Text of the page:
These are really hard words for me to write: Washington, D.C. Mayor Vincent Gray deserves a lot of credit for improving education in his city.
Chancellor Henderson and her team of teachers and administrators are on the right track, and they deserve as much support as the city and community can muster to stay the course toward improvement. Now is hardly the time to destabilize the system once again by forcing a different reform plan.
I will not defend every school of education and every professor that works there, but I know we are not "the problem" with education in the United States.
As someone who has spent much of my life teaching, or writing about education issues, I thought, why not? It wasn't one of those polls where they were surreptitiously trying to sell me a product--or were they?
The vulture reformers -- who have proven adept at raising corporate money and implementing market-based reform through complete mayoral control -- have forgotten that teaching boils down to the interpersonal.
On one side are the forces of egalitarianism, economic opportunity, and self-determination. On the other is a well-funded and entrenched elite bent on hijacking our media, our political process, and our institutions, for their selfish ends.
If the Waltons really wanted to make positive change in children's educations and lives, they would steer far clear of Michelle Rhee and her troublesome track record.
There was no DC miracle. Browbeating students and teachers into raising scores on state tests only makes them better at taking state tests, and reforming our schools in hopes of replicating an illusion is a petty crime against humanity.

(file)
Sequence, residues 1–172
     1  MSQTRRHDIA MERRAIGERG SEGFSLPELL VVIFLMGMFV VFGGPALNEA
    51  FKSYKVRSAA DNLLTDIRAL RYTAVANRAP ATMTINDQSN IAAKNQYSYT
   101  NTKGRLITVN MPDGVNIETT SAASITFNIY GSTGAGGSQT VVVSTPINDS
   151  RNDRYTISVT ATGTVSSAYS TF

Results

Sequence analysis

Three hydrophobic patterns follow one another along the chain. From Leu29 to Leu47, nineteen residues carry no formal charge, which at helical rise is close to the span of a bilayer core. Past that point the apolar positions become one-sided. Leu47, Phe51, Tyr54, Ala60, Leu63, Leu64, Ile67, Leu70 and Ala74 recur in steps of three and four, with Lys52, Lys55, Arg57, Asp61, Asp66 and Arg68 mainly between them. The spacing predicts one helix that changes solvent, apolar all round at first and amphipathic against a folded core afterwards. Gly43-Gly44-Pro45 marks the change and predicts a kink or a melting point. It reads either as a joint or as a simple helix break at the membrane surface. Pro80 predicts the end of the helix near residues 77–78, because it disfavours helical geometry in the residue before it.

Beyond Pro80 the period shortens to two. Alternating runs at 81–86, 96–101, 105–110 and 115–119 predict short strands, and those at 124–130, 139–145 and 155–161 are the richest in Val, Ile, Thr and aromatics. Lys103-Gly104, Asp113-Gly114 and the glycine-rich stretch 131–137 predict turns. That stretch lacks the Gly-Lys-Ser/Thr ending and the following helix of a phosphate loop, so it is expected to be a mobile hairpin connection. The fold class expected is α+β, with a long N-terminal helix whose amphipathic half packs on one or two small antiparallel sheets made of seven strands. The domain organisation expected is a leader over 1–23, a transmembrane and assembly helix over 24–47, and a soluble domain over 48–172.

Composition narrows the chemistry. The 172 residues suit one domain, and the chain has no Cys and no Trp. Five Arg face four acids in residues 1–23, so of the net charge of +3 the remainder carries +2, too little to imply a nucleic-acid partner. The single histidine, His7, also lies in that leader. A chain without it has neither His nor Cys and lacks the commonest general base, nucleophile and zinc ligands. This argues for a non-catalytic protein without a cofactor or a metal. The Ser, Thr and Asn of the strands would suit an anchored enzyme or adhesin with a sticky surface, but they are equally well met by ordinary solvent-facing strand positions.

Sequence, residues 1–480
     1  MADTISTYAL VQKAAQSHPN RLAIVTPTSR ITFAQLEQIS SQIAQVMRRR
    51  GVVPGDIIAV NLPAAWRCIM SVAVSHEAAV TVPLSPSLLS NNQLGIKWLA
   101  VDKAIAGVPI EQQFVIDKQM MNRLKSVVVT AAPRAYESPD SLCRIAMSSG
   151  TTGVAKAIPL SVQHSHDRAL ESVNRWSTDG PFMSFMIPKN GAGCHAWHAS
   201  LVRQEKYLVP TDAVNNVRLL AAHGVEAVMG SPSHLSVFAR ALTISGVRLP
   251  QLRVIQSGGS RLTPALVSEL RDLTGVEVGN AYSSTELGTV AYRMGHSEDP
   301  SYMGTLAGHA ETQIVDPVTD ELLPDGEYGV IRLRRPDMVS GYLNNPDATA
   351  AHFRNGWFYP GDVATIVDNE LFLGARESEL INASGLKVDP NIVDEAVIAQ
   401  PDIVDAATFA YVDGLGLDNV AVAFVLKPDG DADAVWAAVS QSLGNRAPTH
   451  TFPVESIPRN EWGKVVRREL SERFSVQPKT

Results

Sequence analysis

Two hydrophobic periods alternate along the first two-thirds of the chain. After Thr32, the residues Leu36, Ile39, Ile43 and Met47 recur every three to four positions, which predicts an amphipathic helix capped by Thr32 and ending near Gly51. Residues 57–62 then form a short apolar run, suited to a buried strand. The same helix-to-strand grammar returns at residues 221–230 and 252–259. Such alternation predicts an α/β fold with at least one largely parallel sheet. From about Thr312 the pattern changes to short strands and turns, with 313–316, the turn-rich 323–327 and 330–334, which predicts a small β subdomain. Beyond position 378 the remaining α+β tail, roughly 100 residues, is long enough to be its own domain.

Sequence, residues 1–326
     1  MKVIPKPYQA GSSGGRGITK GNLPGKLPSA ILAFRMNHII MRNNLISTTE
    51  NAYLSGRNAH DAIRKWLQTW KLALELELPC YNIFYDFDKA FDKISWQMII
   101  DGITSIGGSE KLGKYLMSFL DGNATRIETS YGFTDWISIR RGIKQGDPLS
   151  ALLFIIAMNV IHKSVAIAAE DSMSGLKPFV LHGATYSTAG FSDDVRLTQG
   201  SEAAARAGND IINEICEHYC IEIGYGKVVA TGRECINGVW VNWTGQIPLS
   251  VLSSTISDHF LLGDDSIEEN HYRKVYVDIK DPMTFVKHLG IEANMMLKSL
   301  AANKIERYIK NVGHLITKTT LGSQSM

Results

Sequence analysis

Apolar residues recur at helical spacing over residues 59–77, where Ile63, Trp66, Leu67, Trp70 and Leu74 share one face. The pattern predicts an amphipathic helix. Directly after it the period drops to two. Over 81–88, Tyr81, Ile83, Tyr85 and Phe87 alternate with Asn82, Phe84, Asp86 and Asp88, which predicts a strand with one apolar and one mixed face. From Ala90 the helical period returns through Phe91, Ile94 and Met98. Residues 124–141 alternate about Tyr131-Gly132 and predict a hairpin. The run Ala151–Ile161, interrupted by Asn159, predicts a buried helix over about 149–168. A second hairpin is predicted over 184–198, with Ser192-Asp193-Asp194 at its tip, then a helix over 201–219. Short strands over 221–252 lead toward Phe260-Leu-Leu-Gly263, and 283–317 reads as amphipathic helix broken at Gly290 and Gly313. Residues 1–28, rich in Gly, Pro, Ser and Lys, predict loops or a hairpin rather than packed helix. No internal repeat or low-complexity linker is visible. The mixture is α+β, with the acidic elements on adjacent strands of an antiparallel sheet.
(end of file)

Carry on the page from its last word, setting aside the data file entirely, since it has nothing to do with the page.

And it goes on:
As a teacher who is an innovative and outspoken advocate for education and educators, and who takes his profession very seriously, I have only one thing to say to Jeff Bliss and his now historic rant: Bravo, Jeff.
In his view, it isn't an anti-gay bill but a "mental health bill" that says that school officials must "notify parents or legal guardians in the manner specified by law for such a medical referral" if a child is, among other things, suspected of being LGBTQ.
While Michelle Rhee had an impact on education reform and helped to bring it to public attention, at this time the controversies surrounding her clearly indicate she is not the right person to be a leader.
It's some excuse making rolled up with some happy PR talk: "We love gay and transgender kids!" But there's no concrete promise of making any changes to their criteria for honoree selection or their fundraising efforts or really any action at all, promised or delivered.
I guess it's enough that the only kids John Ragan supposedly stands up for are the heterosexual kids. The latest version would have forced select Tennessee school officials to notify parents of children who privately discussed their sexual orientation, essentially dictating forced "outing" of kids.
Testing scandals will continue to persist if the structure of the present school system doesn't change. Here are the 5 main problems that help nurture this culture of cheaters.
John Merrow's article "Michelle Rhee's Reign of Error" produced the confidential memo warning Michelle Rhee of the extent of cheating that may have occurred in Washington D.C. schools. Merrow's "Who Created 'Michelle Rhee'?" pushes the conversation further.
Instead of results, we have gotten rhetoric, and our children have fallen further behind. It is time we adopt policy solutions that match the depth and complexity of the problems and address them head on.